Australia: Alana Kushnir arts lawyer and curator resigns from the Australian Centre for Contemporary Art (ACCA) over her SM posts on Gaza Conflict

A hornets nest has been opened in the Australian arts & legal sphere

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The Australian Centre for Contemporary Art (ACCA), one of the country’s leading art institutions, is at the center of the storm. Alana Kushnir, a prominent arts lawyer and curator, resigned from ACCA’s board following complaints about her social media posts. Artists associated with ACCA had objected to Kushnir’s critical statements about artists who supported Palestine and condemned Israel’s invasion of Gaza.

The board of directors at ACCA acknowledged the concerns raised artists but stressed their commitment to supporting artists and maintaining a relationship of trust. Despite this, Kushnir resigned, citing offensive allegations and a lack of transparency in addressing the complaints made against her. She also expressed her concern about the rise of antisemitism in the arts.

In the midst of this controversy, two open letters have further divided the arts community. One, titled “Stop the genocide in Gaza,” called for an immediate ceasefire, an investigation into alleged war crimes, and an end to Israel’s occupation and apartheid regime. Over 1,000 artists, including notable figures such as Tara June Winch and Nazeem Hussain, signed the letter.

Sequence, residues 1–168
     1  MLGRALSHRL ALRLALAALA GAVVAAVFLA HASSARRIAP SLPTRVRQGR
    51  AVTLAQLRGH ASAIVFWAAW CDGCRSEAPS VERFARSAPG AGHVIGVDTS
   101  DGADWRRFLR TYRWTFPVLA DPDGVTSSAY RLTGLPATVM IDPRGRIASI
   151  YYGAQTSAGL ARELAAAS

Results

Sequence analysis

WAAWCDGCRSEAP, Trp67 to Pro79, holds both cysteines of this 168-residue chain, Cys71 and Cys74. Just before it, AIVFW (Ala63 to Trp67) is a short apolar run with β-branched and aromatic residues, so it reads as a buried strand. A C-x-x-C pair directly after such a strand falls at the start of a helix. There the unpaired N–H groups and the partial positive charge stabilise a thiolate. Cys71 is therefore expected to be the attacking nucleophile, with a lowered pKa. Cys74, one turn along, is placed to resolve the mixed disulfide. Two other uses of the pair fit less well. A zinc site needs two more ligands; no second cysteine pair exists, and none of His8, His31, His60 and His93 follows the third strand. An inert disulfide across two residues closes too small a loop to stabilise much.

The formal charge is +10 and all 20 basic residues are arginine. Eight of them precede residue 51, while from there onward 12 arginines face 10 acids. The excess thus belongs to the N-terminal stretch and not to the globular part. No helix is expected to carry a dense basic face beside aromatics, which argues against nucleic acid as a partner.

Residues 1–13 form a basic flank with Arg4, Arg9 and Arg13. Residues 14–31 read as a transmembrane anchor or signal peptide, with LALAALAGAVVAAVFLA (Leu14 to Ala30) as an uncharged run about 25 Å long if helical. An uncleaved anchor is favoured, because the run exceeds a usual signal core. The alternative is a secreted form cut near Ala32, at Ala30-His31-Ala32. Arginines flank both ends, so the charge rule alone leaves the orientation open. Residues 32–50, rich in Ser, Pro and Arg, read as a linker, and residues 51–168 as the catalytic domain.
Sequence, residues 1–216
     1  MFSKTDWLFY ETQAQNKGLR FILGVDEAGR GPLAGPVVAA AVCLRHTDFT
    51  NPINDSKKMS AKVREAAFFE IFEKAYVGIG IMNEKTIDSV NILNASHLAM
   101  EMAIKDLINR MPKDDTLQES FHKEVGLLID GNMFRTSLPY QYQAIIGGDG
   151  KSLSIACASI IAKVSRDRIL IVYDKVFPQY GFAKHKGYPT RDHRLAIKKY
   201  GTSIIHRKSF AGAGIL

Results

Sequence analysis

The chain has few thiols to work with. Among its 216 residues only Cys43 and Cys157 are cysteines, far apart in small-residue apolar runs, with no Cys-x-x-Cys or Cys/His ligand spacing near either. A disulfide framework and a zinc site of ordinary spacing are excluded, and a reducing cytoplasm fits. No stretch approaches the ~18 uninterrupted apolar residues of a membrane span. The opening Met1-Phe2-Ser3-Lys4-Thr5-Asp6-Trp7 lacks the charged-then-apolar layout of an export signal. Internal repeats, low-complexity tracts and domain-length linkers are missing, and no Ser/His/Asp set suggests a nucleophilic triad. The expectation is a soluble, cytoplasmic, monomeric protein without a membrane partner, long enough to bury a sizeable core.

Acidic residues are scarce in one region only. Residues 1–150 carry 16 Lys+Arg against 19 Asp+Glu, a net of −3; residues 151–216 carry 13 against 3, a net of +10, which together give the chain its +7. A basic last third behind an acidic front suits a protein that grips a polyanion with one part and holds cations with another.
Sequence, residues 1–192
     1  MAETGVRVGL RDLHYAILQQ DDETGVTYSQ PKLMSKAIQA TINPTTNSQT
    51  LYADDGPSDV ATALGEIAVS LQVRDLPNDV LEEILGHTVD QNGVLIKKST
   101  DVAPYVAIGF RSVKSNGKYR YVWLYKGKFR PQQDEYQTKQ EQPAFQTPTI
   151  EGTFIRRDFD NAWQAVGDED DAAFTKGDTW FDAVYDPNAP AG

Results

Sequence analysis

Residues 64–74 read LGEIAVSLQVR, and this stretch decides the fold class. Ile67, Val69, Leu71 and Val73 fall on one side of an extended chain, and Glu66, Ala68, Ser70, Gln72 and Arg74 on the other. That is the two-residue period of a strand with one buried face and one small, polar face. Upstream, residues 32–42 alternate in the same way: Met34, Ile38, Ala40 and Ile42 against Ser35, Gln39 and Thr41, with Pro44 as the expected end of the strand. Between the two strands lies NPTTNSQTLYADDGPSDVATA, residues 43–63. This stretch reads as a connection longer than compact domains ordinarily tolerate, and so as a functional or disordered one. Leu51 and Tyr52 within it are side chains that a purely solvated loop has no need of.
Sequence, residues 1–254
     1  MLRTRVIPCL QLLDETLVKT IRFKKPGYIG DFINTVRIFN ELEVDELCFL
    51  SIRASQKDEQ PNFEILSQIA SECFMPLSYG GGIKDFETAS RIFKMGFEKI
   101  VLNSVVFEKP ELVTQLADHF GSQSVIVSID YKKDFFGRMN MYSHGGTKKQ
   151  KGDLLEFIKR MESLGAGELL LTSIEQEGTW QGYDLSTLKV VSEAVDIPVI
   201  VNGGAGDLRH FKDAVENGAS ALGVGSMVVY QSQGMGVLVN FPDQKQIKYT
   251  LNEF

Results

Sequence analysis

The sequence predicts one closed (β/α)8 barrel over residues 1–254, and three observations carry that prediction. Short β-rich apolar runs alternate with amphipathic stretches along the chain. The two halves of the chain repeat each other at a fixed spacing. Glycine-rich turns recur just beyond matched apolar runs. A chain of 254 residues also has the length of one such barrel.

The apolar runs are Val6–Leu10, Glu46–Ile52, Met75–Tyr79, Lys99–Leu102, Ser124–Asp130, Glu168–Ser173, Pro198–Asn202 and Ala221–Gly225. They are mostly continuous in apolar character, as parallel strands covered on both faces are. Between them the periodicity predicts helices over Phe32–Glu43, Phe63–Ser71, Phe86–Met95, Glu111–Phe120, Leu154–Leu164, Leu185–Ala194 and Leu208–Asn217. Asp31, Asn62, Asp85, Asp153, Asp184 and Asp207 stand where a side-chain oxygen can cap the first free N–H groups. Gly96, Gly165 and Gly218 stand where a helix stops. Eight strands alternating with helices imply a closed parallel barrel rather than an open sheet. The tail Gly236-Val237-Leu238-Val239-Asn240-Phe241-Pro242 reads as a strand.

However, a counter-letter signed over 500 Jewish artists and academics criticized the first letter for failing to condemn Hamas’ attack on October 7. It accused the signatories of justifying the massacre of Israelis and refusing to address the actions of Hamas.

The conflict has also taken a toll on the relationship between arts organizations and their supporters. Arnold Bloch Leibler, a prominent law firm providing pro bono support to various arts organizations, terminated its partnership with the National Association for the Visual Arts (NAVA) after NAVA refused to withdraw its support for the controversial open letter. Collingwood Yards, an arts precinct in Melbourne, also lost its partnership with the law firm following an incident involving a pro-Palestine banner.

War in the Arts: How the Israel-Hamas Conflict is Dividing Australia’s Creative Community